A Simple Approach to Living With Less

How to Have a Minimalist Family Christmas

When I began my journey into minimalism, dealing with Christmas, the gift giving and receiving, and the crazy holiday schedule was really hard for me. Making the decision to declutter wasn’t hard. Once I realized our quest to accumulate was actually stealing our family time from us, I had no problem getting rid of clutter. Old toys, overflowing wardrobes, and kitchen gadgets flew out the door as fast as I could get my hands on them.

When that first Christmas began to get closer and closer, I realized that things were about to get more challenging. It’s not easy to switch game plans from avid consumers to being a minimalist family. Personal convictions are one thing, but this was going to involve a lot more people.

I began to wonder things like:

How do we stop showering our children with toys?
How do I tell someone not to give us gifts?
What will everyone think about us?

If you are wanting to cut back on the spending and the chaos that surrounds Christmas time, then I’m sure you can relate to those thoughts. I have created a guide called A Minimalist Family Christmas to work through these questions and more.

A Minimalist Family Christmas is a 40-page guide designed to help you simplify your holiday season whether you are a minimalist or not. One of the most challenging areas to deal with on a journey to living with less is how to handle Christmas. The goal of a minimalist Christmas is to keep the meaning of the holidays without sacrificing your sanity, your finances, or your priorities.

This guide covers the topics of gift giving, minimalist decorating, simple family traditions, and more. It won’t tell you to just quit spending money and stop giving gifts to people. It will challenge you to rethink things and go into this holiday season with renewed focus.

A Minimalist Family Christmas includes the topics of:

  • The “Why” Behind a Minimalist Christmas
  • Confessions from a Gift Buying Minimalist
  • Christmas Gift Survey
  • Minimalist Christmas Gift Ideas
  • Alternatives to Christmas Cards
  • Escaping Gift Overload
  • Clear the Pre-Christmas Toy Clutter
  • Minimize Your Busy Holiday Calendar
  • Simplifying Holiday Mealtime
  • Christmas Decorating
  • Simplify Your Family Traditions
  • Recovering from Post Holiday Clutter

Purchase Info — $0.99

A Minimalist Family Christmas is available for $0.99 via PDF by clicking “add to cart” button below:

Add to Cart

Also available on:

If you don’t own a Kindle, you can also purchase the Kindle version of A Minimalist Family Christmas and read it using the Kindle Reader App on your iPad, iPhone, Android, PC, or other device.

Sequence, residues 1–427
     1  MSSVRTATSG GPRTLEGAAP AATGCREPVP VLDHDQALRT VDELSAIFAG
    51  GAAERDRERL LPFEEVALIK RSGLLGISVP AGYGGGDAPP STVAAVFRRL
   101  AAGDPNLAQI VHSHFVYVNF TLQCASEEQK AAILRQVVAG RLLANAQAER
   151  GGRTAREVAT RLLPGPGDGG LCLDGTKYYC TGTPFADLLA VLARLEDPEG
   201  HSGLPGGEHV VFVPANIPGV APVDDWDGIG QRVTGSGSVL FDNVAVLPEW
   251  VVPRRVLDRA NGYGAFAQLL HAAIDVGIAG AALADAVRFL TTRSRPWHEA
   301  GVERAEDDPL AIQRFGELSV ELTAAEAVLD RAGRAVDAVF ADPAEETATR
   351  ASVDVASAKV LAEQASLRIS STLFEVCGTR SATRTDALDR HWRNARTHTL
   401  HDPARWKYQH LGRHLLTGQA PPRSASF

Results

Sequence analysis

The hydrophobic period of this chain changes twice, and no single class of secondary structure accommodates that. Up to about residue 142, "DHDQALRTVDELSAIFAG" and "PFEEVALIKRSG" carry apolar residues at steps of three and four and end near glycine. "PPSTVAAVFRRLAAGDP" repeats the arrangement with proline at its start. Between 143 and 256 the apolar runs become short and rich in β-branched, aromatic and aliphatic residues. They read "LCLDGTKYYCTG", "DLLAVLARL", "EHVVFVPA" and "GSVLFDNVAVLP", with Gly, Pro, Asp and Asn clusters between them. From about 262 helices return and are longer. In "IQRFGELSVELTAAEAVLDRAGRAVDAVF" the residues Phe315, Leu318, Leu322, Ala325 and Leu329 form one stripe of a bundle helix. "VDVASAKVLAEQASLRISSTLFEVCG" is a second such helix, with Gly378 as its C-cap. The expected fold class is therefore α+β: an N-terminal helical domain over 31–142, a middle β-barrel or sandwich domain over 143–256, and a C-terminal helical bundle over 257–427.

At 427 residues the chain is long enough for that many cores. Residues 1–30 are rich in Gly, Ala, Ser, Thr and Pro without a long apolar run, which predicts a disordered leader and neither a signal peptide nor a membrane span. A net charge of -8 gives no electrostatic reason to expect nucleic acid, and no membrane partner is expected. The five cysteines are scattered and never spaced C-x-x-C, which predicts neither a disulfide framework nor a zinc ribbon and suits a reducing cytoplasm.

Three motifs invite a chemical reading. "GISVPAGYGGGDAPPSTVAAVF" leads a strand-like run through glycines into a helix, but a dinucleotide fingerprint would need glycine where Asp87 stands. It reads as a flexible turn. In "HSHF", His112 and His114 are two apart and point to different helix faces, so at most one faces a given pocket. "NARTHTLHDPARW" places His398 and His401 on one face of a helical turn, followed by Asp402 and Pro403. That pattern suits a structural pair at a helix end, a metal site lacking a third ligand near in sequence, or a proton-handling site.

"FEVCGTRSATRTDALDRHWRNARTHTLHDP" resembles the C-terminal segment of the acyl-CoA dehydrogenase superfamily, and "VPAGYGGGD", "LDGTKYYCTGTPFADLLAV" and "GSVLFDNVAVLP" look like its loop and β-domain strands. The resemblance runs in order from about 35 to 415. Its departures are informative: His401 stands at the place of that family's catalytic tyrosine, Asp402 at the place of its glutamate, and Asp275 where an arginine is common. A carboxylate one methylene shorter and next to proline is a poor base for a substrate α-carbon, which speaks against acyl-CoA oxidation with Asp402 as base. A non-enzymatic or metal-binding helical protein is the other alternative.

If you enjoy this guide, please feel free to leave a review in the comment section. This is my first book I’ve developed for Kindle and I’d greatly appreciate it if you left a review on Amazon too.

This guide is also an experiment of mine to see how this style of writing will be received by my readers. It’s more in-depth than I go into topics here on my blog but not as long as my other book, Family-Sized Minimalism. I hope you find it helpful and I’d really appreciate your feedback to see if you’d like to see more content this way.

If you enjoyed this post, please consider signing up for updates or follow me on Google+ or Twitter. Thanks so much for reading!


Article originally published on 10/31/2011

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  1. What a great idea, Faith!! This is the perfect book to help families navigate the holiday season and spread joy (instead of clutter).

    I’m a bit overwhelmed with the challenges we’re facing with gift giving and well meaning family. Not only because we don’t need things but we’ll have to ship any gifts back to the UK. Eek. Chris and I are talking about ways to gently steer family to non-gifts.

    • Faith Janes says

      Thanks, Rachel. Yes, well meaning family members are quite the challenge. 🙂 Shipping gifts would be SO expensive! I’ve found that most of my family has been receptive to the idea of fewer gifts if I give them alternate ideas of what to do. Sometimes it just comes down to gift-buying habits that are hard to break.

  2. Over the last couple of years I’ve been gearing up for a much simpler Christmas. It worked well last year and there is even more planned for this year. It really is about managing others expectations of the holiday season when it is something that is best shared with family – you don’t want to alienate anyone or ruin their festive period, but at the same time it has to fit with your standards. I have much up my sleeve to counter act this, no-one will be disappointed but still it will fit with how we now live.
    Many congratulations on the book!

    • Faith Janes says

      Thanks, Jo! Being proactive and planning ahead is key. It sounds like you are all set. I hope you’ll write about some of your ideas on your blog, Jo.

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